Mary McLellan/The Vermont Cynic
The University of Vermont is reconsidering their long-held seven college organization in favor of a dramatic reorganization into four broader colleges, which could occur as early as March.
260 faculty members attended the monthly Faculty Senate meeting Nov. 16, many of whom said they were concerned about where they fall in the University’s potential reorganization, and were interested to hear the proposals surrounding the reconfiguration.
Despite these concerns raised by faculty, however, the University is pushing forward with its plan.
“This has been a broken process,” Professor David Feurzeig said during the meeting. “People are doing a great job of being diplomatic, but we’re ticked off.”
In the spring of 2020, a Faculty Senate committee put forth a proposal to reconsider the organization of the University, and create a new system to reflect the recent growth and changes in the UVM curriculum and academic offerings.
The morning of the Nov. 16 meeting, a last minute proposal was shared with the senate by Professor Thomas Borchert, advocating for a complete restart of the reorganization efforts and the establishment of a collaborative ad hoc committee to better represent the faculty.
Many senate members said they felt the reorganization plan excluded faculty voices and did not account for all departments. Faculty members said they were blindsided by this proposal, and had not received information on its financial implications or where their department would fall within the four proposed colleges.
Associate Professor Susan Comerford was frustrated with the disconnect between the Senate and the faculty, and added her comments into the meeting chat.
“When have we ever had 260 people at a faculty senate meeting? Faculty are tired of being an afterthought,” Associate Professor Susan Comerford wrote.
Provost Patty Prelock said the goal of this change was to enhance the student experience, reduce complexity and redundancy in the curriculum framework, increase forward-thinking academic alignments and reduce administrative costs.
“The plan was always to talk with the Faculty Senate exec,” Provost Prelock said. “[We will] identify with them together what should be the next steps and how we should roll this out.”
Amid concerns from faculty, President Garimella unmuted his microphone and said that his personal interest is in keeping the administration lean, and that he hopes to make it even leaner.
However, there are no specifics available yet as to where departments fit in, or how this will impact finances.
Due to lack of faculty support, the senate moved to vote on the proposal to restart with a new joint committee, rather than on whether the reorganization should move forward. The motion passed with 55 approvals, three oppositions and five abstainments by senate members.
The new ad hoc committee will bring forward its findings over the need to reorganize alongside their proposals no later than December 2021. The Senate will consider their findings in Spring 2022.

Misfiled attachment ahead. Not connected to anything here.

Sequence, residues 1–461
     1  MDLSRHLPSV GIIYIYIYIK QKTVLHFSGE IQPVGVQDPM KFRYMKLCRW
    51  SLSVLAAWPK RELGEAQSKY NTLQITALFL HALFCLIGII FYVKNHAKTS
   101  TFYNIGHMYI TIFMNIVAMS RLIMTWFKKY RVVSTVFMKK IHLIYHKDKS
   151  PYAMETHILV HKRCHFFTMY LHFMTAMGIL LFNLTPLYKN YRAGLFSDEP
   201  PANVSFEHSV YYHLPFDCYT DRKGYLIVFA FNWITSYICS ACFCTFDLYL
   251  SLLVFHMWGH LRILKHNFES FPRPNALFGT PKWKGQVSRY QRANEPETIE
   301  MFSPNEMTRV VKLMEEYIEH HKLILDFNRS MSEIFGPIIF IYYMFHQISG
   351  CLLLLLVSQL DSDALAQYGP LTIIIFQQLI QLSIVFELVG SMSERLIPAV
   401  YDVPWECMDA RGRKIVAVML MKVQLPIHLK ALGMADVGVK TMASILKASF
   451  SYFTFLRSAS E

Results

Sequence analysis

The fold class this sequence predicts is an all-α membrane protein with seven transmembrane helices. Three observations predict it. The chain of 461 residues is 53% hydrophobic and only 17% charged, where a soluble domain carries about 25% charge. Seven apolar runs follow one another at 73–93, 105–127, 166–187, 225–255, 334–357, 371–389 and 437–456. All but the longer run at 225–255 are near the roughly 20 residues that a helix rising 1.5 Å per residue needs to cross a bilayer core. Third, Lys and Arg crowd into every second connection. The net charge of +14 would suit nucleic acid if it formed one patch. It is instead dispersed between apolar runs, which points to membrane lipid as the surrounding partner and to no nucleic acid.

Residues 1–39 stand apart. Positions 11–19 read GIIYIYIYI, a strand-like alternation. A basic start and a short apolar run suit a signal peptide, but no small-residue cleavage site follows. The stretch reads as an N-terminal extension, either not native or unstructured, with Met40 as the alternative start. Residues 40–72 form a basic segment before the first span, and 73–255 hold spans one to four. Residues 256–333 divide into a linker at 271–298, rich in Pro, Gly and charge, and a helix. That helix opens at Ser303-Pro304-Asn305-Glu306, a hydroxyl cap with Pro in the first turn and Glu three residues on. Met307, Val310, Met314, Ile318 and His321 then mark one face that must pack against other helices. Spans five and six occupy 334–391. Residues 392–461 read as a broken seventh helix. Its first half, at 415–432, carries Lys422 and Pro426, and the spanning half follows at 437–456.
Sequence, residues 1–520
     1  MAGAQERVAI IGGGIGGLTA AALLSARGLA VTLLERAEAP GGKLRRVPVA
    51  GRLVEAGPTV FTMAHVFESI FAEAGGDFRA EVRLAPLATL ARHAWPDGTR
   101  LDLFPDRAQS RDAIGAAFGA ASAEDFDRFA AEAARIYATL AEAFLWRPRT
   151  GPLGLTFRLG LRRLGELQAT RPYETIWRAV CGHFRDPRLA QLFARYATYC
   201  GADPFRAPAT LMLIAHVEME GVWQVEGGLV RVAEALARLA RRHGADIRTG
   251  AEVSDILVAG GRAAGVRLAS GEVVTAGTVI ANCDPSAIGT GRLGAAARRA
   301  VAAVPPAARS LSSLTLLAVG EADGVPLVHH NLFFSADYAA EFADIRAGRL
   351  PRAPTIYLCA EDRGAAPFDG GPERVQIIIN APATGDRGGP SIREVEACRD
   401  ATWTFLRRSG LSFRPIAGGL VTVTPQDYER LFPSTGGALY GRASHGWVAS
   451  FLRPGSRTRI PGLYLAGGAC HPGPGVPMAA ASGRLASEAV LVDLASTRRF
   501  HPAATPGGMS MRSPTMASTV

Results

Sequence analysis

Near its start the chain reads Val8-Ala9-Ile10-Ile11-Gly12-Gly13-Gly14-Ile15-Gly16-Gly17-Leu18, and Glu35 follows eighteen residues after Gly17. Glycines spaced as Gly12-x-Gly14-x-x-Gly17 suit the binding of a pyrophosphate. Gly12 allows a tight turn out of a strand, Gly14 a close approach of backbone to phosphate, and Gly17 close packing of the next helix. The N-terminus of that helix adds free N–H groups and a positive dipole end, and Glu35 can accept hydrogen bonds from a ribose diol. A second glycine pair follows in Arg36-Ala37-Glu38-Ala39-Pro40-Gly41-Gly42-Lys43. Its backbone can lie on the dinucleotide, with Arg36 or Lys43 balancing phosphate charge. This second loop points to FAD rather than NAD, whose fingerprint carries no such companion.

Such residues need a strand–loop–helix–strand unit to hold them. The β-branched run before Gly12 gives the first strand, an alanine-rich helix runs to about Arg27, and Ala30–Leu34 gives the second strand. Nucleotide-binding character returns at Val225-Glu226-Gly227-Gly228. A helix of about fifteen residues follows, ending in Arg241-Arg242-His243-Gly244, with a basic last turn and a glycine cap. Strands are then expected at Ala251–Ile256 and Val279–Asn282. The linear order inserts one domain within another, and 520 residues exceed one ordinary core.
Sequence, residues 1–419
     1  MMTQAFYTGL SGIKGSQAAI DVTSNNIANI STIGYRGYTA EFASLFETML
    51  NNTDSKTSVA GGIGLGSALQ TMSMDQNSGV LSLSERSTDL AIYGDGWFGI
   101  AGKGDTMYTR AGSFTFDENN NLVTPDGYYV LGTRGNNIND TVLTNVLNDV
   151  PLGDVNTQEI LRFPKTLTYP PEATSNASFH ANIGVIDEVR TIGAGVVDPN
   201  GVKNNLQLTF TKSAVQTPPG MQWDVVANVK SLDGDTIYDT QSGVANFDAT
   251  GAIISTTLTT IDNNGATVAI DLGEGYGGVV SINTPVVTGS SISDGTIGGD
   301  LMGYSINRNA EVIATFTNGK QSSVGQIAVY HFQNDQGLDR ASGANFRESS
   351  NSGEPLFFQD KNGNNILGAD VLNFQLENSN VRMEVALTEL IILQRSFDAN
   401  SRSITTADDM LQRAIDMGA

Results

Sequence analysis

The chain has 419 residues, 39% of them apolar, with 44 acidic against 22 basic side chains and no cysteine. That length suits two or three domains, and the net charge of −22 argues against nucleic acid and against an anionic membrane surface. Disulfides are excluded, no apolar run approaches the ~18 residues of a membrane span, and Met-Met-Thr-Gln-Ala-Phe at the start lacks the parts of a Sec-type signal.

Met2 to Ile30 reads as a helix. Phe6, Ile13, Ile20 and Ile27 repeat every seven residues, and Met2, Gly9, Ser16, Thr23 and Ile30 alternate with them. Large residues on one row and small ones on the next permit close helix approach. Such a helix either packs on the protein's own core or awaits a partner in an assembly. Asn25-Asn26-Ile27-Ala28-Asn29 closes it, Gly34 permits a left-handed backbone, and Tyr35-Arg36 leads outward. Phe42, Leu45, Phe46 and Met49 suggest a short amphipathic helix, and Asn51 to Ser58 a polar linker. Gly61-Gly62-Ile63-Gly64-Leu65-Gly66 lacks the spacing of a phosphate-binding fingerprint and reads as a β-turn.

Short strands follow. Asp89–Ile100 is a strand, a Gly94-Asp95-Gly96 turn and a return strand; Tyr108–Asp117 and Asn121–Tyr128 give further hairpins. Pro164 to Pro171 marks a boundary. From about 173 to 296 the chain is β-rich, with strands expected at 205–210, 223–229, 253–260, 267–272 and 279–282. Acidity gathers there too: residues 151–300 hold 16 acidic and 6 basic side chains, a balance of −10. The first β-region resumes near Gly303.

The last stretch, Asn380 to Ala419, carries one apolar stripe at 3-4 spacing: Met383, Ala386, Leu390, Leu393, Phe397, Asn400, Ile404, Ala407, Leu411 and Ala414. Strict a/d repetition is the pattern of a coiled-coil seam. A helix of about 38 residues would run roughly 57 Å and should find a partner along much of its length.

“You are asking the faculty to make a decision about a reorganization where they cannot see themselves,” Professor Dale Jaffe said in response to the reorganization proposal. “We are not outsiders, this is our University, we have a right to know where we land in a scheme you want to propose.”
In addressing the concerns of the faculty around where they fit into the four proposed colleges, Garimella said that he felt they did not need to get into the weeds of what departments go where.
“This is not far enough along to figure out anything meaningful in terms of finances,” President Garimella said in the meeting. “[We] need to work at an aspirational level first.”
The implementation date of the original reorganization plan, which is still continuing development despite concerns from faculty, is in March. Many faculty at the meeting said they were concerned and confused about the fast moving timeline.
“I really would like to understand the reason for the aggressive timeline,” Helga Scheckenberger, department chair of German and Russian said. “To do something so radical in such a short time does not seem very prudent.”
“Sharing the committee’s work, progress report, methodologies, and insights would go a long way toward building confidence in any committee’s work,” Professor Libby Miles said. “Faculty need the background documents, not just a two page powerpoint asking where we see ourselves.”
Many faculty voiced concerns in the meeting, and said they were not informed or consulted after the reorganizations were originally proposed.
Additionally, Thomas Chittenden, Faculty Senate President, reiterated that he recently resigned from his position.
He announced that Christopher Burns, Faculty Senate vice president, will serve as interim president until July 1, 2021 and Senate Member Evan Eyler will take Burns’s position as Faculty Vice President during those six months.
The Executive Committee will hold a president elect nomination and election process in upcoming months to determine who will fulfill these positions permanently.
Lastly, the senate approved a motion to adjust the general education requirements to suit a new Catamount Core General Education Framework.
The new requirements stipulate that students must complete 40 credits in courses across three main curricular areas: Liberal Arts, Core Skills, and Common Ground Values.
Senate member Wade Carson said he was concerned that these requirements would affect accredited programs that have specific criteria and prevent students from being able to complete a minor in some departments.
“We’re going to have this central committee that will work through some of the logistics,” responded Professor Pablo Bose. “Especially for programs that don’t have a whole lot of wiggle room in terms of their existing major requirements.”